He will be balancing a unit comprised both veteran and young players. The mixed dynamic is something Woods is used to from his previous coaching positions. "With a veteran guy you have to understand that he's been in the game a long time and he understands football and he may see it a different way," said Woods. "In Minnesota, I coached Antoine Winfield. He was 15 years in and those guys have earned a certain level of respect just because they've done it at a high level, but at the same time you have to make sure to get them to do it your way. There's a little bit of give and take when it comes to coaching a veteran guy that has his type of pedigree."
Coaching a younger player is much different than working with the experienced guys. "When it comes to a younger guy, I've coached a lot of rookies at my time in Minnesota just because that's what we drafted. They're different," Woods explained. "They have to learn and understand how to play in the NFL. You have to get them up to speed fast because the NFL is a show-me game. They don't care if you're a rookie or a veteran, they just want results. So you have to spend more time just to bring them up in terms of the scheme and get them to perform at a high level early in their career."
Making that dynamic work is worth it for Woods, who grew up respecting the Silver and Black. "I grew up a Steelers fan so you always thought of those teams like Pittsburgh, Oakland Raiders, Dallas Cowboys," said Woods. "You always thought about a lot of tradition, you thought about a team that intimidated people. That was just the persona that I always knew or thought of in terms of the Oakland Raiders. You know it was an organization that had a lot of history."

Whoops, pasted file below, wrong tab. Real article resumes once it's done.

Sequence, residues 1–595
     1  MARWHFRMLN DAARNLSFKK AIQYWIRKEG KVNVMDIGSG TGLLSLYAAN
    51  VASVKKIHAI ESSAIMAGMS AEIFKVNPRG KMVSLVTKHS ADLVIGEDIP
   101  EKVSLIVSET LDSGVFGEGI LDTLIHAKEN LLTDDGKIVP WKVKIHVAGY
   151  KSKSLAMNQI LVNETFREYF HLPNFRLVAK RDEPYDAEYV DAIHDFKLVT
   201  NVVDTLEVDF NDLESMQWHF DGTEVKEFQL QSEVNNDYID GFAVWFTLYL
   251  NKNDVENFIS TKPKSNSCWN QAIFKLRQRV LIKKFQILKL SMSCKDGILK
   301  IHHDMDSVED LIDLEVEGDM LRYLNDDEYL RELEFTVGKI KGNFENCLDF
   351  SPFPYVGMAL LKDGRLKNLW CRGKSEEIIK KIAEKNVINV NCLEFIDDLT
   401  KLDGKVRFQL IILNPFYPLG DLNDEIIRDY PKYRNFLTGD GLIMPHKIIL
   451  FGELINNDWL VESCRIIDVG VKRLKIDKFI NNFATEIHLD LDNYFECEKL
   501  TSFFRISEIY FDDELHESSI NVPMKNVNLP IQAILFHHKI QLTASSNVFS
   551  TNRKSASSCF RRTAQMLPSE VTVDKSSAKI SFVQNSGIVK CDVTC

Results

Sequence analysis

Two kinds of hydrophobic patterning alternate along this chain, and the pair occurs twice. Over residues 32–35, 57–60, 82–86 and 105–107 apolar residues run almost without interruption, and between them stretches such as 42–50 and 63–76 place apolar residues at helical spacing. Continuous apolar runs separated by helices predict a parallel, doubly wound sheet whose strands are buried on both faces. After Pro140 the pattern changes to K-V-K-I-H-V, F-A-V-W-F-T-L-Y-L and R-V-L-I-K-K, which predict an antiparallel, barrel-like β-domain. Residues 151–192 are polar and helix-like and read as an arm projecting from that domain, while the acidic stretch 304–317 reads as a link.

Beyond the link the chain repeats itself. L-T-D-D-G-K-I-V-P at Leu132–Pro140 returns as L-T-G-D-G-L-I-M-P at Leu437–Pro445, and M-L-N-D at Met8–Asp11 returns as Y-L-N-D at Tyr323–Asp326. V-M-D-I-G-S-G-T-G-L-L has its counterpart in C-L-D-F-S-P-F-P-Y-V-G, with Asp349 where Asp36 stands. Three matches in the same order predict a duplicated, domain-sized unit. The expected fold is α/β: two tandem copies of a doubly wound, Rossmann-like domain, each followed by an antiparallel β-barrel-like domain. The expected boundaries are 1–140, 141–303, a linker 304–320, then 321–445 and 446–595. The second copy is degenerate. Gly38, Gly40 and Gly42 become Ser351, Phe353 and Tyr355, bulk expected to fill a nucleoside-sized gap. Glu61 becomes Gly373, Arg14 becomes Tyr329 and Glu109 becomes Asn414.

Coming in, Woods wants Raider Nation to know the type of person they're getting on the coaching staff. "I'd want them to know that as a person they're getting a quality individual that's going to come in and not only do his best job as a football coach, but also be a good person that's going to help make these guys better on the field and off the field," said Woods.
Woods wants to help the Raiders defense, specifically the secondary, put a great product on the field. "The thing you have to understand about coaching football is that your job is to put them in position to make plays and to help them make plays in terms of what you're coaching them to do. That's my whole focus," said Woods. "I love football. If I had to stay in the office 24 hours a day to get it done, that's what I'm going to do. That's the way I've always been. I'm a grinder, but I'm going to do whatever I need to do to produce results on the field."
He's looking forward to being a part of the Raiders. "I know the fans here are very passionate about football. You can see it just from watching tape," he said. "They just want to see you win and that's why I'm here – to win."